The African genotype ZIKV strain was significantly more pathogenic in AG129 mice than the Asian genotype ZIKV strains (Fig 1). The less pathogenic phenotype observed with the Asian genotype strains of ZIKV relative to the African genotype strain has been reported in other immunodeficient mouse models of ZIKV [25, 26] and indicates that the most recent ZIKV outbreak in the Americas was not likely due to a recent increase in ZIKV virulence. However, this does not preclude the potential that the Asian genotype ZIKV strains could be associated with other virulent disease processes such as congenital ZIKV syndrome by altered pathologic potential for neural progenitor cells [27]. Furthermore, the sexual transmission rates of the Asian and African genotype ZIKV strains were not significantly different, which indicates that sexual transmission is not a recently adapted transmission mechanism and is unlikely to have driven the American outbreak. This is supported by the first case of suspected sexual transmission, which was identified after a traveler was infected in Africa and transmitted to his partner upon returning to America [7]. In fact, sexual transmission of the Spondweni serogroup viruses may be a conserved transmission mechanism that could allow for short-term maintenance of the virus in the absence of competent vectors and could be a dissemination mechanism to increase the geographic range of these viruses. However, this is not necessarily a conserved mechanism across flaviviruses. Dengue virus serotypes 2, 3, and 4 have similar tropism to ZIKV and SPONV in AG129 mice, but tropism to the male reproductive tract has not been studied [2830]. Immunocompetent mice or mice with transient immunodeficiency inoculated with DENV-2 were not found to have infectious virus in the testes or epididymides, and after intra-testicular injection of DENV-2 into Type I IFN receptor knockout mice, the damage to testicular architecture was reversed and spermatogenesis was observed [24, 31]. Thus, potential sexual transmissibility could be a restricted phenomenon to the Spondweni flavivirus serogoup.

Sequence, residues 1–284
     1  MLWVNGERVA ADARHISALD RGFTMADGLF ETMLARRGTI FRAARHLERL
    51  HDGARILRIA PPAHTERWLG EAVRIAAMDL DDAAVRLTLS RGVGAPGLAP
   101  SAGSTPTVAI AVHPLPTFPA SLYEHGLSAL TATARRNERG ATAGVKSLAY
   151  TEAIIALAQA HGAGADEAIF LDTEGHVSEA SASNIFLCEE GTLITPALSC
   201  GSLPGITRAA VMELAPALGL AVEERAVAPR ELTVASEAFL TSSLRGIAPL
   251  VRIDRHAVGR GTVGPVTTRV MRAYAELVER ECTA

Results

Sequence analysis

A limitation of this study was the use of immunodeficient mice. Immunodeficient mouse models demonstrate more severe pathological outcomes, such as complete loss of spermatogenesis [31] following ZIKV infection, compared to immunocompetent mouse models. However, inoculation of ZIKV into immunocompetent mouse models following transient knockdown of Type I IFN-α/β receptor signaling, or inoculation of Type I IFN-α/β receptor knockout mice, results in infection of the male reproductive tract, and testicular atrophy[24, 31], thus supporting our observations in AG129 mice.